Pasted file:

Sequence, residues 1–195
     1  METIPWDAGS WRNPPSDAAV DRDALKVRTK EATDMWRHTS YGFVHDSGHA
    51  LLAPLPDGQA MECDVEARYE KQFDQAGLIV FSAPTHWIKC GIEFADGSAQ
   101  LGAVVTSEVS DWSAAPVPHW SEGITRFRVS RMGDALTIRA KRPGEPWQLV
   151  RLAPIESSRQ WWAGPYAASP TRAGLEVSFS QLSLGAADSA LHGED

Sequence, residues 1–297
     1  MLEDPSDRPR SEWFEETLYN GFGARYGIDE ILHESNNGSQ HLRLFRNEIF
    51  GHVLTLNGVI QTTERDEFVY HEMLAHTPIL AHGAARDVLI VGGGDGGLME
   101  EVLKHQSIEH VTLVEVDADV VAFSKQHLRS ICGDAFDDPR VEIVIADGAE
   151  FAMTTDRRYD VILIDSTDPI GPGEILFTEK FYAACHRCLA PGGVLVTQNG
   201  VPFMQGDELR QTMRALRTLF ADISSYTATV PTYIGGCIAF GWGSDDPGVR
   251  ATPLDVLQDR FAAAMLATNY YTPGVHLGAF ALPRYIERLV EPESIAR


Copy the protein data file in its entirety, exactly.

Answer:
Sequence, residues 1–195
     1  METIPWDAGS WRNPPSDAAV DRDALKVRTK EATDMWRHTS YGFVHDSGHA
    51  LLAPLPDGQA MECDVEARYE KQFDQAGLIV FSAPTHWIKC GIEFADGSAQ
   101  LGAVVTSEVS DWSAAPVPHW SEGITRFRVS RMGDALTIRA KRPGEPWQLV
   151  RLAPIESSRQ WWAGPYAASP TRAGLEVSFS QLSLGAADSA LHGED

Sequence, residues 1–297
     1  MLEDPSDRPR SEWFEETLYN GFGARYGIDE ILHESNNGSQ HLRLFRNEIF
    51  GHVLTLNGVI QTTERDEFVY HEMLAHTPIL AHGAARDVLI VGGGDGGLME
   101  EVLKHQSIEH VTLVEVDADV VAFSKQHLRS ICGDAFDDPR VEIVIADGAE
   151  FAMTTDRRYD VILIDSTDPI GPGEILFTEK FYAACHRCLA PGGVLVTQNG
   201  VPFMQGDELR QTMRALRTLF ADISSYTATV PTYIGGCIAF GWGSDDPGVR
   251  ATPLDVLQDR FAAAMLATNY YTPGVHLGAF ALPRYIERLV EPESIAR